U.S. bishops visiting the Holy Land said an on-the-ground tour and briefing about the situation in East Jerusalem heightened their awareness of the settlement issue in the divided city.
"The expansion of settlements is quickly driving (the possibility of a two-state solution) off the drawing board," said Bishop Richard E. Pates of Des Moines, Iowa, chairman of the U.S. bishops' Committee on International Justice and Peace. "The continuing expansion of the Jewish communities and its implication for a two-state solution has been a concern of the National Interreligious Leadership Initiative for Peace in the Middle East."
On a two-hour tour, Israeli attorney and activist Daniel Seidemann shared his concerns for the increasingly shrinking window of opportunity to push forward the concept of the two-state solution to the Palestinian-Israeli conflict.
The group visited the sites of small Jewish enclaves being built in the East Jerusalem neighborhood of Sheikh Jarrah, which abuts the 1967 border with West Jerusalem.
The bishops also viewed the desert corridor northeast of Jerusalem. The corridor, known as E1, has been designated by Israel for a Jewish settlement that would connect the largest settlement in the West Bank, the 30,000-resident city of Ma'aleh Adumim, with Jerusalem. That would, in effect, cut off that area of the Palestinian West Bank from any connection to Jerusalem, contributing to a further cantonization of the West Bank and destroying the possibility of creating a contiguous Palestinian state, said Seidemann.
The tour included a visit to the Israeli separation barrier that divides the East Jerusalem neighborhood of Abu Dis, running across the road that, traditionally since Biblical times, has led to Jericho.
In an envisioned peace agreement, most of the 200,000 Jews living in East Jerusalem would be permitted to remain in exchange for land of equal quality and size elsewhere in the West Bank, noted Seidemann. He said while the Israeli enclaves embedded in East Jerusalem remain small, with at most 2,500 Israeli Jews living there, it is still possible to withdraw them, but that if the settlements continue to expand the situation will become more complicated.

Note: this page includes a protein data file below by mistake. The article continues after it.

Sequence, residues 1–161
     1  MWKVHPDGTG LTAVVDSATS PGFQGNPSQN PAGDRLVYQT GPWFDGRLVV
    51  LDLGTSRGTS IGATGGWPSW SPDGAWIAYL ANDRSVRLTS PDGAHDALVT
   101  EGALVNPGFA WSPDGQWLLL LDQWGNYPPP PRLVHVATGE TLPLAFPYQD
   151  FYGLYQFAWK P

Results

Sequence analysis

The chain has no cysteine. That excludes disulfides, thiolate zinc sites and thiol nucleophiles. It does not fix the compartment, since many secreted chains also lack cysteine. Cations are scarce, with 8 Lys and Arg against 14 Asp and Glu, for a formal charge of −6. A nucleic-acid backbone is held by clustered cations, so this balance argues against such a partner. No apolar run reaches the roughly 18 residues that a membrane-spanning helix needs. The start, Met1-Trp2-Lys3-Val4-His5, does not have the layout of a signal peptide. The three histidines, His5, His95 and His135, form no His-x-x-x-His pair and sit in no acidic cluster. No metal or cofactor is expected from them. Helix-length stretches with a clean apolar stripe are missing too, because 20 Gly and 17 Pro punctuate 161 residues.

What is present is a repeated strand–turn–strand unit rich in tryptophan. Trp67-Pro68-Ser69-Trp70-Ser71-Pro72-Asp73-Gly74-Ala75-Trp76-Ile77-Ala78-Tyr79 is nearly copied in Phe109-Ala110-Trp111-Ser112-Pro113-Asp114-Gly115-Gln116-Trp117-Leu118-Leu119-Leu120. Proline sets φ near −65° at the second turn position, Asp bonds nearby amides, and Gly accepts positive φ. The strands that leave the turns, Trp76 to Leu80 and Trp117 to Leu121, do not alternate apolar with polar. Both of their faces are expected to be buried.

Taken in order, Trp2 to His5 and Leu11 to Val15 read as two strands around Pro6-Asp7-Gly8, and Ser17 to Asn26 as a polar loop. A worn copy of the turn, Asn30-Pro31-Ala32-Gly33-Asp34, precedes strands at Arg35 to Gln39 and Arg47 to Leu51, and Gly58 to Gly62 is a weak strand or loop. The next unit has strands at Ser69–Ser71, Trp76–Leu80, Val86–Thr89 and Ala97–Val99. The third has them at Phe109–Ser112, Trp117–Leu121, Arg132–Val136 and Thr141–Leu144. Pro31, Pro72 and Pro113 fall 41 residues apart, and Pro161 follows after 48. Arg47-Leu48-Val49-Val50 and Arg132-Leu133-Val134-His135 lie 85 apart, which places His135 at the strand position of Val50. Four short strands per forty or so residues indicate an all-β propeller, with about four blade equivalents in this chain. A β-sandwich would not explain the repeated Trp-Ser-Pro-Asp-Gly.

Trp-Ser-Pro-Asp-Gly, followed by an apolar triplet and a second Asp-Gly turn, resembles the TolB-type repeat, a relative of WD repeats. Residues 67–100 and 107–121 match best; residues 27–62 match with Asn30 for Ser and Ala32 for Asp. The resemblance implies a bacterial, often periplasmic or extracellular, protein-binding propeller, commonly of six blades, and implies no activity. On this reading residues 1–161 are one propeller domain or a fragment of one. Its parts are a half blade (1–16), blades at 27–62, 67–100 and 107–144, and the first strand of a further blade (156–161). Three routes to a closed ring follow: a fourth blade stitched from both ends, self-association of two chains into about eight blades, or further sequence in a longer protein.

The next two to three years are critical if a peace agreement is to be reached, he told the bishops.
"Seven years ago in order to get to where the border needs to be (to reach an agreement), we would need to relocate 100,000 settlers. Today, we will need to relocate 150,000. If it continues to grow, at some point it will not be feasible for the national leaders to relocate hundreds of thousands of settlers. It will be so Balkanized it won't be possible," said Seidemann.
Bishop Pates said the bishops' visit was intended to support the peace process.
"The importance of Jerusalem (in the negotiations) has been heightened as well as the necessity to maintain ourselves open to all religious communities (here), particularly the Jews, Christians and Muslims," he said. "This visit enables us to focus on this reality and to coalesce behind the Vatican initiative to insist on international guarantees of this religious expression in Jerusalem."
Retired Bishop Howard J. Hubbard of Albany, New York, said the bishops would need to listen to other narratives before they can come up with some recommendations about what needs to be done on both sides. Nevertheless, he said, Seidemann's briefing had captured very well "the frustration the people living in East Jerusalem are experiencing, especially with the settlements."
"It is suddenly clear that if this is not addressed aggressively and immediately, a two-state solution will no longer be viable," he said.
Bishop Oscar Cantu of Las Cruces, New Mexico, noted the importance of learning more about the intricacies of the situation although he has been aware of the churches' support for the two-state solution.
The possibility of losing the window of opportunity to reach a viable solution is "alarming," he said, and increases the need for religious leaders to pray for peace and to encourage political leaders to work towards a just solution.
"This story has been a long time in the making. It is not only political but also a religious and human one. Coming here has certainly cemented for us the human lives which are affected by this situation -- Muslim, Christian and Jewish," Bishop Cantu said.
The group of 18 bishops from the United States began their nine-day pilgrimage Sept. 11 and celebrated Mass with Latin Patriarch Fouad Twal of Jerusalem following the Sept. 12 tour.
Later in the day they were to meet with Franciscan Father Pierbattista Pizzaballa, custos of the Holy Land, and participate in an interfaith Sabbath eve prayer at a local Jewish synagogue.
More interfaith and ecumenical prayers were scheduled during the visit. The bishops were also to visit Christian, Muslim and Jewish holy sites in Jerusalem and Galilee, as well as meet with Israeli and Palestinian political leaders.